SAN FRANCISCO—Women with ductal carcinoma in situ (DCIS) can be reassured that radiotherapy does not appear to increase their risk of cardiovascular disease, according to research presented here at this year's Breast Cancer Symposium. But, another study shows that perioperative MRI does not reduce the risk of recurrence in women with DCIS.
The two studies were featured in a presscast held in advance of the symposium, which is co-sponsored by the American Society of Breast Disease, American Society of Breast Surgeons, American Society of Clinical Oncology, American Society for Radiation Oncology, National Consortium of Breast Centers, and the Society of Surgical Oncology.
No Increase in Risk of Cardiovascular Disease with RT for DCIS
Recent concerns about potential overdiagnosis of DCIS make evaluation of the late effects of treatment such as cardiovascular disease (CVD) of great importance, according to the researchers, from the Netherlands. So it is reassuring, they said, that a large study showed that women receiving radiation therapy to treat DCIS had no increased risk of CVD compared with women in the general population or those treated for DCIS with surgery alone.
The study data (Abstract 58) involved 10,468 Dutch women diagnosed with DCIS before age 75 between the years 1989 and 2004: 71 percent were treated with surgery alone (43 percent with mastectomy) and 28 percent with surgery plus radiotherapy.
The first author, Naomi B. Boekel, MSc, a doctoral student in the Department of Epidemiology at the Netherlands Cancer Institute, reported that there was no difference at a median of 10 years in the risk of cardiovascular disease between the surgery-alone and the surgery-radiotherapy groups—nine percent vs. eight percent, respectively.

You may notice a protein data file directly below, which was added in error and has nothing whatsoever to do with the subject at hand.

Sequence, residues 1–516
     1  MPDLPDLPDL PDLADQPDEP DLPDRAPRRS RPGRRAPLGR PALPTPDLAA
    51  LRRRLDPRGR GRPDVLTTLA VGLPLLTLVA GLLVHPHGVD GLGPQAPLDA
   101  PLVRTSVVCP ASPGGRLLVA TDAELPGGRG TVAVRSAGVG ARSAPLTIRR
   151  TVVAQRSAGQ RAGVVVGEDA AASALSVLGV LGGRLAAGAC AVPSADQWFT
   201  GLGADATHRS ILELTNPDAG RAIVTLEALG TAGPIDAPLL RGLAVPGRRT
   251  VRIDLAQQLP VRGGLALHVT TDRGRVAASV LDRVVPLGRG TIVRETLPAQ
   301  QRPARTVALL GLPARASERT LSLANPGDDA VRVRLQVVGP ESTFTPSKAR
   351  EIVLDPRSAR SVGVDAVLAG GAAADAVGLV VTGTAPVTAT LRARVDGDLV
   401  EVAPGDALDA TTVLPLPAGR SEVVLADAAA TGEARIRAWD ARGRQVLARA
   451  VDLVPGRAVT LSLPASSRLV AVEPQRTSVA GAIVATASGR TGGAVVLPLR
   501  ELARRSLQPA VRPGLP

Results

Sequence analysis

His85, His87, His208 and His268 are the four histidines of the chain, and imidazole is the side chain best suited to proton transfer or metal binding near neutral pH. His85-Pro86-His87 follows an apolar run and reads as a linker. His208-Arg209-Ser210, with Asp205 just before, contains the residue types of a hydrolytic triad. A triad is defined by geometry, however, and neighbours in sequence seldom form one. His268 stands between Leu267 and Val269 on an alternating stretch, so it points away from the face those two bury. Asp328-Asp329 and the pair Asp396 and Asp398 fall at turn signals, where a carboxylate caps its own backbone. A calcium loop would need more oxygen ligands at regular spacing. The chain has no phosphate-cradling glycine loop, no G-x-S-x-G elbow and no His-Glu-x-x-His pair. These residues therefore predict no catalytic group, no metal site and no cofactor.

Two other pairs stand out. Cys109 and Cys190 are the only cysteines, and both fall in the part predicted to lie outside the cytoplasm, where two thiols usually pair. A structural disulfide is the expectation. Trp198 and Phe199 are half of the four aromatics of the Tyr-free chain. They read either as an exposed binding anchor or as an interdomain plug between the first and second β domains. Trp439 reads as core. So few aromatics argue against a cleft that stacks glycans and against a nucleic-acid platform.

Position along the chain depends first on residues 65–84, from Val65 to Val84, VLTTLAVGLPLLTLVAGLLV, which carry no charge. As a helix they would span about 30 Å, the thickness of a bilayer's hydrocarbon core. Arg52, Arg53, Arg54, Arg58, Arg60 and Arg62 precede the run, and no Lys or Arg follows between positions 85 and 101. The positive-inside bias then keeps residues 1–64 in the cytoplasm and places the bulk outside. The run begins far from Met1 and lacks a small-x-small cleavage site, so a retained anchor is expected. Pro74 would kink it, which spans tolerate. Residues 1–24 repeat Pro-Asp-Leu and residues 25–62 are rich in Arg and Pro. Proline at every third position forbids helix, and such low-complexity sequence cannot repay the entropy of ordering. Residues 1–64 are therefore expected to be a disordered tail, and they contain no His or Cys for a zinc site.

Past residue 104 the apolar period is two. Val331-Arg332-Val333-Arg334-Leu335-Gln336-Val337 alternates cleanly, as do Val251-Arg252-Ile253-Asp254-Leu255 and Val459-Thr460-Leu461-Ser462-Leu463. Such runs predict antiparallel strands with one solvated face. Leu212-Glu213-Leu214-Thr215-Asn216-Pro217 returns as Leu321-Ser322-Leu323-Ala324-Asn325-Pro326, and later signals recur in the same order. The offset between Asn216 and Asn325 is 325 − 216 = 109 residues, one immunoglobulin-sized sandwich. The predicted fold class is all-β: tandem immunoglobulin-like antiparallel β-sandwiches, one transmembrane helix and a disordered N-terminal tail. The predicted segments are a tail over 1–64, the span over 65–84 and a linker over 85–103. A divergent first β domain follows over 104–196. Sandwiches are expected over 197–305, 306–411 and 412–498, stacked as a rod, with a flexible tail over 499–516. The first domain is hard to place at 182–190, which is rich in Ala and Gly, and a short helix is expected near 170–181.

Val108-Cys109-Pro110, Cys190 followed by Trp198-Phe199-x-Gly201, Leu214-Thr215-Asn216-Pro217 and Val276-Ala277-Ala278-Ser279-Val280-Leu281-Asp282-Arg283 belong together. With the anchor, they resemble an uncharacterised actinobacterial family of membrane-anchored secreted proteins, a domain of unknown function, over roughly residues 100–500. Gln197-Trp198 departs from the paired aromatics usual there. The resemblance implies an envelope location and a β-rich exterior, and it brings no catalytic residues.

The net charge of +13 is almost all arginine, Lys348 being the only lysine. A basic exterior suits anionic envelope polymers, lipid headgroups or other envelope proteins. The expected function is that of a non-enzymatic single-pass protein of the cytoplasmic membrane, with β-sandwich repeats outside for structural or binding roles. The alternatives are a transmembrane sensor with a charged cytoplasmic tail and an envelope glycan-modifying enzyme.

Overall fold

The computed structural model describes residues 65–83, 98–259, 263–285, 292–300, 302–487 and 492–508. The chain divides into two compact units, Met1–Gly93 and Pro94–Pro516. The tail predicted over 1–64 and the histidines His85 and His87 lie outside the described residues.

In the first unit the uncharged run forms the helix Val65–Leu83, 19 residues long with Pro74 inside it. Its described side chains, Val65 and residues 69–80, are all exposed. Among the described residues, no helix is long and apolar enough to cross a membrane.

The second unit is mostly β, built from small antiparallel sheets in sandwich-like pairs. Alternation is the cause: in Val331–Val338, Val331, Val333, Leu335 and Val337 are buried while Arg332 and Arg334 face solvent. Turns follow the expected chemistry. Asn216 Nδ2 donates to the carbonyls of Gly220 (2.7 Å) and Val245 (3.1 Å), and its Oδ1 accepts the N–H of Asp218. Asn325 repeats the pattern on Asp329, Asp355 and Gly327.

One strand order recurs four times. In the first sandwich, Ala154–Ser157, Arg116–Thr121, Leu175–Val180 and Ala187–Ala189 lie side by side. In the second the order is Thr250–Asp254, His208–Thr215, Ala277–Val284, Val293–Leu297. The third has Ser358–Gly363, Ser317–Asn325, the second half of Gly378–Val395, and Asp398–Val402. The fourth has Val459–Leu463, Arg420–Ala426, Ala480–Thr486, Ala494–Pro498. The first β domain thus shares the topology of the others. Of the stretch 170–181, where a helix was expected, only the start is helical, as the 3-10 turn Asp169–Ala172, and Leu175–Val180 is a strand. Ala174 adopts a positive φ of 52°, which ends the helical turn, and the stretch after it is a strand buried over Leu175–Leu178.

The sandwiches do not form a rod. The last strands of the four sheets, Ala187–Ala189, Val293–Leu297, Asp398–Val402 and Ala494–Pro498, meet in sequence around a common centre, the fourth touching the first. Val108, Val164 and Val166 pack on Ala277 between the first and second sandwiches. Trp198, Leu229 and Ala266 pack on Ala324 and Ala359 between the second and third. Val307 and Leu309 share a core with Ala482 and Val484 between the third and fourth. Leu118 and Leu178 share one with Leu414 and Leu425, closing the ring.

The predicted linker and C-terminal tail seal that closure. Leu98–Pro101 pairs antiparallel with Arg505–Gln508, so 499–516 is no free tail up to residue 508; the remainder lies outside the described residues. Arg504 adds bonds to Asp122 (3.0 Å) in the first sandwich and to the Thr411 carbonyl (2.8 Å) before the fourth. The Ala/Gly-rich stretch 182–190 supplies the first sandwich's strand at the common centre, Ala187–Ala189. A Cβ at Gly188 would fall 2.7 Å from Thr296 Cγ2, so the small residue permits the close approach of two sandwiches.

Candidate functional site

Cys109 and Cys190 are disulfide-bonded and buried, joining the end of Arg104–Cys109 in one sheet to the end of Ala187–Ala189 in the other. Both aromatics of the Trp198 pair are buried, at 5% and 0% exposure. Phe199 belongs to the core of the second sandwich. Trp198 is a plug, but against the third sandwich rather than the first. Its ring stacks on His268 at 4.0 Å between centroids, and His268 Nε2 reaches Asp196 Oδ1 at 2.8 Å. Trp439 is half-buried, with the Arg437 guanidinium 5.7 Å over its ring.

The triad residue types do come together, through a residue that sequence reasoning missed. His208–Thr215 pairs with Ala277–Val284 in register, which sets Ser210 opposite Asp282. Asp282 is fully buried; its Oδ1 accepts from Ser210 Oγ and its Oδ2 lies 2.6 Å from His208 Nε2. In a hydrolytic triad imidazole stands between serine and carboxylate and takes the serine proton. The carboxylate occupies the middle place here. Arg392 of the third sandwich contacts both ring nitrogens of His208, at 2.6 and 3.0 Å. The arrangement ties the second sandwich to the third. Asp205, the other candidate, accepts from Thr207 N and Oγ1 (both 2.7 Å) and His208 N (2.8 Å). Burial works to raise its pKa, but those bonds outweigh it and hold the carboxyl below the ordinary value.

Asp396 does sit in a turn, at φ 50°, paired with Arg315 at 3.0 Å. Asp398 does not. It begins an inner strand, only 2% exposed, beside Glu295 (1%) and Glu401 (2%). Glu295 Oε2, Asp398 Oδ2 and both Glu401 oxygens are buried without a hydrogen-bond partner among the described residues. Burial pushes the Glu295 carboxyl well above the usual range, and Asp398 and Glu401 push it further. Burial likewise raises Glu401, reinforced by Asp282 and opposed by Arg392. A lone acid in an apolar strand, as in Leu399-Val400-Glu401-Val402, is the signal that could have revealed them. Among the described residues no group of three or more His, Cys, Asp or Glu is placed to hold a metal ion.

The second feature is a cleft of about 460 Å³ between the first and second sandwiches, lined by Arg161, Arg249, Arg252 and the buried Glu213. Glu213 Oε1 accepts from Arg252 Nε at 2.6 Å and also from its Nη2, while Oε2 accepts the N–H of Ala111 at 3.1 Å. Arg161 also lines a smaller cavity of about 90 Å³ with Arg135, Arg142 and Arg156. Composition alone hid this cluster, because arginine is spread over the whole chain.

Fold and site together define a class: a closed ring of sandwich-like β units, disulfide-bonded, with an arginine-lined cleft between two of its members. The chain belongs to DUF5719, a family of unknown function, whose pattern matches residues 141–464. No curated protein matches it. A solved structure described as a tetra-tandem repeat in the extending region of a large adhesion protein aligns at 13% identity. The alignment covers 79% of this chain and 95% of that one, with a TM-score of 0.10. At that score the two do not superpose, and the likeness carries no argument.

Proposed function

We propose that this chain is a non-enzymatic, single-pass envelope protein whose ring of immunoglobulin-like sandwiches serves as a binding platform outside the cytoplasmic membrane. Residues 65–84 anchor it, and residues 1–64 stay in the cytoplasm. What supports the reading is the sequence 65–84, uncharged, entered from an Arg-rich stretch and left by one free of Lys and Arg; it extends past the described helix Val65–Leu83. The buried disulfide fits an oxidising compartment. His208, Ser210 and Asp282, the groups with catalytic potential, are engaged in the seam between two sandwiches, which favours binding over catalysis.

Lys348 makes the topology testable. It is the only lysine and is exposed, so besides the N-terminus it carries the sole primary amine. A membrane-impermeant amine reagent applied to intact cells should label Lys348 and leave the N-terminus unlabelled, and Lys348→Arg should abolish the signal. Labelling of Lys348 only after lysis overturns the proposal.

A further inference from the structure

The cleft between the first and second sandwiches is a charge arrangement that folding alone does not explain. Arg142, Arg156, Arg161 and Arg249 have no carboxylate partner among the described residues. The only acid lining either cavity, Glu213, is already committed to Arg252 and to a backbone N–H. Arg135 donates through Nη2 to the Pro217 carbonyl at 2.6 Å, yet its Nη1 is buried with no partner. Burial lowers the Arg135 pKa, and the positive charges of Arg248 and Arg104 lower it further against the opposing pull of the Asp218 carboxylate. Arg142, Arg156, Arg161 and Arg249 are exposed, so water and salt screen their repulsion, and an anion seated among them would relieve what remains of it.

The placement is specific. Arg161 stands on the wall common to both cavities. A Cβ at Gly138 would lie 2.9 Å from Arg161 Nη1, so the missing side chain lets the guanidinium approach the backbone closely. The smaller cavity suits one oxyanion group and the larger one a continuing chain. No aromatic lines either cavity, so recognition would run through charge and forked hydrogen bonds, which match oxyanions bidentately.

Similarly, no difference in diagnosis of CVD was seen between women receiving left- vs. right-sided radiotherapy—seven vs. eight percent, respectively.
She said that interestingly, DCIS survivors had a 30 percent lower risk of cardiovascular mortality compared with the general public, speculating that this might be due to lifestyle adaptation among women diagnosed with breast cancer, or conflicting risk factors between DCIS and CVD such as age at menopause, or that DCIS patients are perhaps more health conscious after a DCIS diagnosis.
The moderator of the teleconference, Steven O'Day, MD, a member of the ASCO Communications Committee and Clinical Associate Professor of Medicine at the University of Southern California Keck School of Medicine and Director of Clinical Research at Beverly Hills Cancer Institute, said that older radiation studies clearly showed a correlation between radiation and cardiovascular toxicity when the fields were overlapping over the heart.
But radiation therapy has been refined over the years, he said, and the strength of this study is that the data are relatively recent, 1998-2004, a time when more modern techniques of radiation therapy were being used.
“What's reassuring about this study is that with aggressive treatment with radiotherapy there was not an increased risk of death and no increased risk of cardiovascular death,” he said. “This study allows us to feel comfortable continuing our aggressive treatment of DCIS.”
Long-term Outcomes in DCIS Not Improved by MRI
Adding MRI to mammography before or immediately after surgery was not associated with reduced local recurrence or reduced contralateral breast cancer rates among women with DCIS treated with lumpectomy, said researchers from Memorial Sloan-Kettering Cancer Center.